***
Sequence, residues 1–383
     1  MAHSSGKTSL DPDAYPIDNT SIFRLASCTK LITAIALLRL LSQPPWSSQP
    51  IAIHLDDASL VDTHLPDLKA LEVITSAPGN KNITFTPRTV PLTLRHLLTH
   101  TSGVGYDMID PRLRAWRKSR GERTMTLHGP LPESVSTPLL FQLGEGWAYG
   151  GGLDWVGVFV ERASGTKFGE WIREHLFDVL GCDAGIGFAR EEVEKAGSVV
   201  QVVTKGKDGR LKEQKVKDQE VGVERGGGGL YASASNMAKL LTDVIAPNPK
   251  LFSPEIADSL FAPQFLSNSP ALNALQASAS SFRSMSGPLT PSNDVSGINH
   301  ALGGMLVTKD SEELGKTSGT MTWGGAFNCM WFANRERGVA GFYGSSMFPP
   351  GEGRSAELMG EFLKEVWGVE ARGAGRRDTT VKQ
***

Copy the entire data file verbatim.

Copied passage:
Sequence, residues 1–383
     1  MAHSSGKTSL DPDAYPIDNT SIFRLASCTK LITAIALLRL LSQPPWSSQP
    51  IAIHLDDASL VDTHLPDLKA LEVITSAPGN KNITFTPRTV PLTLRHLLTH
   101  TSGVGYDMID PRLRAWRKSR GERTMTLHGP LPESVSTPLL FQLGEGWAYG
   151  GGLDWVGVFV ERASGTKFGE WIREHLFDVL GCDAGIGFAR EEVEKAGSVV
   201  QVVTKGKDGR LKEQKVKDQE VGVERGGGGL YASASNMAKL LTDVIAPNPK
   251  LFSPEIADSL FAPQFLSNSP ALNALQASAS SFRSMSGPLT PSNDVSGINH
   301  ALGGMLVTKD SEELGKTSGT MTWGGAFNCM WFANRERGVA GFYGSSMFPP
   351  GEGRSAELMG EFLKEVWGVE ARGAGRRDTT VKQ